Students discover careers in intelligence through UH, military partnershipUniversity of Hawaiʻi at Mānoa
Spokesperson, UH Communications
University of Hawaiʻi at Mānoa students are learning about career opportunities in national security thanks to a new collaboration between UH Mānoa and the U.S. Indo-Pacific Command (INDOPACOM). In the spring 2021 semester, 15 students were selected to participate in the first “INDOPACOM-UHM Mentoring Program for Intelligence,” through a UH Mānoa internship course.
The idea went from concept to execution in just three weeks between December 2020 and January 2021. Leadership teams from UH Mānoa and INDOPACOM developed the co-instructed, internship course that provides interested students an opportunity to prepare for a possible career in national security, while being academically anchored and earning 400-level college credits.
“We are proud and honored to strengthen our relationship with the talented and promising student population and leaders at UH,” said Rear Admiral Mike Studeman, director of intelligence for INDOPACOM. “This program offers deep insights from intelligence professionals that can help open up a pathway to rewarding careers in national security here in Hawaii and beyond, depending on the interests and desires of individual students.”
Thirty intelligence community mentors are participating in the program, which consists of regular, virtual seminar sessions with guest speakers from INDOPACOM and seven national intelligence agencies. Students are required to write a paper on an intelligence topic and present their assessment to senior executive government leaders to simulate the intelligence-informed executive decision-making process.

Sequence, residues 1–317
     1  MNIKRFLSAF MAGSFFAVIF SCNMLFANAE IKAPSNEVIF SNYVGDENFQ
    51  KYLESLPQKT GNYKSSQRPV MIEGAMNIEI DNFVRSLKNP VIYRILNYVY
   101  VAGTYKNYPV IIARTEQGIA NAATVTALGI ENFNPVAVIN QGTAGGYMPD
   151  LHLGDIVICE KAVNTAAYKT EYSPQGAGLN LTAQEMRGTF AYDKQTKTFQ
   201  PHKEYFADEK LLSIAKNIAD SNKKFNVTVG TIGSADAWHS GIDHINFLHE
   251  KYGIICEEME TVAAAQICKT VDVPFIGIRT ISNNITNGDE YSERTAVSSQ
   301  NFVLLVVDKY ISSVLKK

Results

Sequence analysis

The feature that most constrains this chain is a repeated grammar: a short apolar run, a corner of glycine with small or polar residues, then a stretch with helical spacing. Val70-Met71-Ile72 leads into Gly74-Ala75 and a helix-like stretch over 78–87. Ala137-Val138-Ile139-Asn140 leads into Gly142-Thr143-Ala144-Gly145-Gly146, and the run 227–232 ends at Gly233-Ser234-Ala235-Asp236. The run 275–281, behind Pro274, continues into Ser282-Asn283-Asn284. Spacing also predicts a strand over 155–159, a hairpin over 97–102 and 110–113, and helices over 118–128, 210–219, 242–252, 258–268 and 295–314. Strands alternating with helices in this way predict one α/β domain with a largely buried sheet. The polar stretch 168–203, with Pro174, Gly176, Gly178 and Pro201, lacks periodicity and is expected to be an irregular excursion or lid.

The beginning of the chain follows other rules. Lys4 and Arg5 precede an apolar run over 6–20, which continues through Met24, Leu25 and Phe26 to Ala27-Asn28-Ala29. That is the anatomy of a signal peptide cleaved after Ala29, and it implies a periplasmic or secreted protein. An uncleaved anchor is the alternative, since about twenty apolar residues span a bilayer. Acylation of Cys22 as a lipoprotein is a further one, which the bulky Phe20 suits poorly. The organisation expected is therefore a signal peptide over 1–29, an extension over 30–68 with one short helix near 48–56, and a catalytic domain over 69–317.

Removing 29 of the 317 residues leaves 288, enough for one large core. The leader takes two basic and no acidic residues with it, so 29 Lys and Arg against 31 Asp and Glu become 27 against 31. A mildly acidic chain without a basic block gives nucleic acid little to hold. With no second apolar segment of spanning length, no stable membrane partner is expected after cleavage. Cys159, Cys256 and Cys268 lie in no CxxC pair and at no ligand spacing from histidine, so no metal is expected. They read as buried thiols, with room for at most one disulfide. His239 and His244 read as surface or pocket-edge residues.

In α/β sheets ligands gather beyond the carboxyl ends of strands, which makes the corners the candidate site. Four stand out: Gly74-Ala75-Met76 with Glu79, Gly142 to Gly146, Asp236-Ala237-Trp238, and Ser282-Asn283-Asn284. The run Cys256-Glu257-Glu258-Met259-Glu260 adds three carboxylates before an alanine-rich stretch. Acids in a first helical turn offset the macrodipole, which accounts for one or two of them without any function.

“Hearing these incredibly experienced mentors and speakers objectively acknowledge the faults and shortcomings of past U.S. policies and actions while actively working to influence and improve new ones, gives me hope for a brighter future,” said Dong-Lee Huang, a UH Mānoa student and course participant. “After taking the course, I feel like it’s possible for me to become involved in the intelligence community.”
The next course will be offered in fall 2021 and is planned to continue as a regular fall course while a larger certificate program is developed. An information session is planned for April 6, 2021, and will be announced through the Office of Veteran Student Services and the Provost’s Office.
The long-term goal is to develop a multi-faceted intelligence fellowship program comprised of multiple courses and an Asia field study, applied learning country immersion trip. The fellowship program is meant to inspire students to serve their country, develop intelligence-related skills, and make them highly competitive for a variety of well paying national security jobs accompanied by outstanding benefits with career options in the Department of Defense and the U.S. Intelligence Community.
“Hawaiʻi, and therefore UH, is uniquely positioned to be the bridge between East and West as our state has played a key national security role for decades and will continue to do so,” UH Mānoa Provost Michael Bruno said. “Our deepening partnership with the U.S. Indo-Pacific Command is creating unique opportunities for our students who are interested in federal service and intelligence careers, right here in Hawaiʻi.”
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